“I am the chair­man of the Court of Gov­er­nors and I am a proud Mus­lim. ISI is a pri­vate school. UI does not fund it. It is funded by the fees col­lected. It is un­for­tu­nate that this is com­ing up now. Even the Par­ent-Teacher As­so­ci­a­tion is not aware of the idea by this group. In­deed some other Mus­lim par­ents ex­pressed shock when they heard about this fo­rum. Since its es­tab­lish­ment in 1963, the school has not ex­pe­ri­enced any re­li­gious cri­sis and we would want to guard against it. The Mus­lim and Chris­tian stu­dents have places to wor­ship in the school. Who­ever de­sires to change the rules should go through the process. The teach­ers do not feel safe and so could not have taught any­body be­cause it is a strange de­vel­op­ment. I ap­peal to these peo­ple to stop their ac­tion and al­low peace to reign in the school. It is even strange that this mat­ter was not dis­cussed at the Par­ents Teach­ers As­so­ci­a­tion at all headed by an­other Mus­lim and lawyer, Bar­ris­ter Kazeem Olaniyan”

To en­sure the cri­sis was am­i­ca­bly re­solved, the Board of Gov­er­nors of the school rose from its meet­ing with a res­o­lu­tion that the dress code of the school be main­tained.

The board re­solved that the dress code as con­tained in the school’s rules and reg­u­la­tions be main­tained while the school man­age­ment has been em­pow­ered to en­force it ap­pro­pri­ately.”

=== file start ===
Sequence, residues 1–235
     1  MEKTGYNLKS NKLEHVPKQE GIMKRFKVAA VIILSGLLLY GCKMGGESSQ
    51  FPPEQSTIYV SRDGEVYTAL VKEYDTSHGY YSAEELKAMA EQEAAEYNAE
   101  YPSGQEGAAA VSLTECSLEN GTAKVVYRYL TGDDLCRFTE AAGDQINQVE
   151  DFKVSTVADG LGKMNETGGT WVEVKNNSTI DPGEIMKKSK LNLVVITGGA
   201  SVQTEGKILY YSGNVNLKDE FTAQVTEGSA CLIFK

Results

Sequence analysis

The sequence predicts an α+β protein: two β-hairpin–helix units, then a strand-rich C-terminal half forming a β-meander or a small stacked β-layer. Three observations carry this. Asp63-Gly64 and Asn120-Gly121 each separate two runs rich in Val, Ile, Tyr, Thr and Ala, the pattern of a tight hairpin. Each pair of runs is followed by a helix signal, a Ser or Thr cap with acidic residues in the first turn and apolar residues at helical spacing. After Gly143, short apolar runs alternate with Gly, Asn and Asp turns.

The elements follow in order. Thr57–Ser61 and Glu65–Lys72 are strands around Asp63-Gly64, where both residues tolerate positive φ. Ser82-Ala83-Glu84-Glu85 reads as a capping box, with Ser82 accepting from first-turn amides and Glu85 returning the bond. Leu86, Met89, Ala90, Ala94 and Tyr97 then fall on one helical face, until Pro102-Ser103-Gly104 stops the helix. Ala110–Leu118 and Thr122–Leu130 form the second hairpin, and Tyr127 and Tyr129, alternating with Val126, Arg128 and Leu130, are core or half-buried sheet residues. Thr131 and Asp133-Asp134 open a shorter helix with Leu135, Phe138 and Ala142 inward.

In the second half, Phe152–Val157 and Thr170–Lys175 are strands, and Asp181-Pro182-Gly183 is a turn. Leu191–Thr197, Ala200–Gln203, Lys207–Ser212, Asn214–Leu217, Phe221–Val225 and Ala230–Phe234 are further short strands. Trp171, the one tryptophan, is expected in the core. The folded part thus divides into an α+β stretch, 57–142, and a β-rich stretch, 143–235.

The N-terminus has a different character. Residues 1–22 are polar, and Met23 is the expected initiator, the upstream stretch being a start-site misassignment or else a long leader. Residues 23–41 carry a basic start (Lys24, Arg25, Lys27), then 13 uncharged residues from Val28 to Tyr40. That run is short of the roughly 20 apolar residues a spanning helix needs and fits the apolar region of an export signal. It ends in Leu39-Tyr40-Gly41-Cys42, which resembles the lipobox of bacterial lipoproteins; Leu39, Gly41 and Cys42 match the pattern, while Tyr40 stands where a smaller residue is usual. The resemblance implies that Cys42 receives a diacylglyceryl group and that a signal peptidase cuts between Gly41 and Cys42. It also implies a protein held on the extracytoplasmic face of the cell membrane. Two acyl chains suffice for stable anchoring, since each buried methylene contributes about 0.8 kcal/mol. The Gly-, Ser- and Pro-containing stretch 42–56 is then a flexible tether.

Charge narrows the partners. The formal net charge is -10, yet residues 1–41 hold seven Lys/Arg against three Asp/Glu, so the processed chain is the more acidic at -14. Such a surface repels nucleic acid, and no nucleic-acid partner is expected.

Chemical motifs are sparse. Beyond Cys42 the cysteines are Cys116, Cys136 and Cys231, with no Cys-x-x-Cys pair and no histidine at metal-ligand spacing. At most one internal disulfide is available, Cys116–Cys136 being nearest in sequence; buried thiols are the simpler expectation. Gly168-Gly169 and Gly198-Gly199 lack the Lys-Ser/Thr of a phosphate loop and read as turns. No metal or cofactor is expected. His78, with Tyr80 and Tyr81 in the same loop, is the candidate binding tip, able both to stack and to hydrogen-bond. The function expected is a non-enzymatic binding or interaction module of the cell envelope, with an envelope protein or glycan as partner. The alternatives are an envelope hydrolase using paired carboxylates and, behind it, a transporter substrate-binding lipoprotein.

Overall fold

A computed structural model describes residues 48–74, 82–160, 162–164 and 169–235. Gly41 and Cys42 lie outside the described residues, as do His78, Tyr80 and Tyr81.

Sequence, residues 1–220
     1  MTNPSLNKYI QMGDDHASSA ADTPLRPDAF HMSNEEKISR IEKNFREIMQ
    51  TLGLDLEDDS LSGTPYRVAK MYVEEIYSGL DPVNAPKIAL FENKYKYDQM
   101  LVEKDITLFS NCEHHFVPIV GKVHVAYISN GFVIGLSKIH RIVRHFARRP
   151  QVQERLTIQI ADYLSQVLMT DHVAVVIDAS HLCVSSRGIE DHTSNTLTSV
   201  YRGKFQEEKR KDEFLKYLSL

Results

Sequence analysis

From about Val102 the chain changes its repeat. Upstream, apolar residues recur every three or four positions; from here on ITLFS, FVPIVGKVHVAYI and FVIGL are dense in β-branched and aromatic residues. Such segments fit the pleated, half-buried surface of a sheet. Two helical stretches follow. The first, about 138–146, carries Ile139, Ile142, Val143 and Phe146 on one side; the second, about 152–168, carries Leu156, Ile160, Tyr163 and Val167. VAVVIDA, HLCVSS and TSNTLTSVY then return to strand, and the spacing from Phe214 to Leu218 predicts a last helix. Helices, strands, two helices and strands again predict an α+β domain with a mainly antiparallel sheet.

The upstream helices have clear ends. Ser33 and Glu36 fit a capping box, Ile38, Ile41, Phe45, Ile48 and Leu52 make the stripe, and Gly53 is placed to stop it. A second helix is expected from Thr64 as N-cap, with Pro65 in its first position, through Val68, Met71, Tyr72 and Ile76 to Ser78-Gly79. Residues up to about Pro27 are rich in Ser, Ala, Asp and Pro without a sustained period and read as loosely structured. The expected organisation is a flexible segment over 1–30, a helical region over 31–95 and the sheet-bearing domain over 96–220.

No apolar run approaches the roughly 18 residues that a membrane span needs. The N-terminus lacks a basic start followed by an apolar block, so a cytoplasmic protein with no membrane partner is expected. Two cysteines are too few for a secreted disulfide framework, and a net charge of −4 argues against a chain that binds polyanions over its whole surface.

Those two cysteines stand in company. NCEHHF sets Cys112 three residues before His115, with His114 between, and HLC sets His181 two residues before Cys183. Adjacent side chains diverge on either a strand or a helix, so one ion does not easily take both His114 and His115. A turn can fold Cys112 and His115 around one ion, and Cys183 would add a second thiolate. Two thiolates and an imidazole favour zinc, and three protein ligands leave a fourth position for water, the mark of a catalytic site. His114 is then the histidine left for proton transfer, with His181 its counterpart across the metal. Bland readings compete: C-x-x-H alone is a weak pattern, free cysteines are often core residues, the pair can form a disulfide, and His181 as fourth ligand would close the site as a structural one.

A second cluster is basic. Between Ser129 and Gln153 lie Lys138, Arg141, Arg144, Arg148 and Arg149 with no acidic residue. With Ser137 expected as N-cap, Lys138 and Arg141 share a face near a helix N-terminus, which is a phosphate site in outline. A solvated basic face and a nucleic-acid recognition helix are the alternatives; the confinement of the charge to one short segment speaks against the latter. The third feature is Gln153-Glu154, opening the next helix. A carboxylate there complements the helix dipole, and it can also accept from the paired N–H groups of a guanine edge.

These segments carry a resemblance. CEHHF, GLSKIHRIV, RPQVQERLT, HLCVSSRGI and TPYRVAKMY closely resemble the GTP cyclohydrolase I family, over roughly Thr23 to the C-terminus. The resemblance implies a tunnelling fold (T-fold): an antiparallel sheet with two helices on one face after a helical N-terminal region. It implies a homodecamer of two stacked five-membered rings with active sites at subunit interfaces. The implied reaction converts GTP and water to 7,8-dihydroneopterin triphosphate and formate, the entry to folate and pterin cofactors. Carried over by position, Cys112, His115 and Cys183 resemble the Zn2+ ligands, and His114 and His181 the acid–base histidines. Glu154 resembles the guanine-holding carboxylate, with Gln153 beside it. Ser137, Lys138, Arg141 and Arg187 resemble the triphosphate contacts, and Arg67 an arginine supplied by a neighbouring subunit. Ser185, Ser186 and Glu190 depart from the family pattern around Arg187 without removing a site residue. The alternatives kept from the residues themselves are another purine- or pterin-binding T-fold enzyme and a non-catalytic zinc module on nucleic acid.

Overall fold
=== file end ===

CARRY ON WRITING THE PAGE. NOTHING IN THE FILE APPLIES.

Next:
The board ap­pealed to par­ents to abide by the ex­tant rules of the school to en­able it ful­fill its man­date of pro­vid­ing sound ed­u­ca­tion for chil­dren.

The school’s alumni as­so­ci­a­tion also said the present con­tro­versy must be viewed from the per­spec­tive of prin­ci­ples and gov­ern­ing laws of the school and not through re­li­gion.

In a mail sent to the chair­man, Board of Gov­er­nors, Pro­fes­sor Ader­into, the pres­i­dent of the as­so­ci­a­tion, Tive Ekpere, main­tained that the uni­form pol­icy was in­tro­duced to dis­abuse so­cio-eco­nomic in­equal­i­ties, dis­cour­age seg­re­ga­tion and min­i­mize dis­trac­tion from aca­demic ac­tiv­i­ties.

Ekpere stated that the ag­i­ta­tors must note that the school is a pri­vate one and is gov­erned by its own poli­cies, laws and reg­u­la­tions, adding, “The In­ter­na­tional School Ibadan (ISI) is a sec­u­lar in­ter­na­tional school es­tab­lished to ad­mit and pro­vide the best pos­si­ble ed­u­ca­tion for boys and girls from all over the world; ir­re­spec­tive of their eth­nic­ity, creed, race or re­li­gion. It’s a cen­ter where chil­dren are brought to learn from one an­other with the aim of find­ing their com­mon hu­man­ity.

“The uni­form is unique and is the fab­ric that has bound ISI cul­ture and tra­di­tion till to­day. Be­yond this, the as­so­ci­a­tion wishes to ad­vise that all overt re­li­gious ac­tiv­i­ties on the school cam­pus be dis­cour­aged hence­forth. While we be­lieve that ev­ery stu­dent should be free to prac­tice what­ever re­li­gion they wish, we are also per­suaded that the ex­er­cise of such rights must be car­ried out within the bounds of ci­vil­ity.”

Stu­dents of the school in hi­jab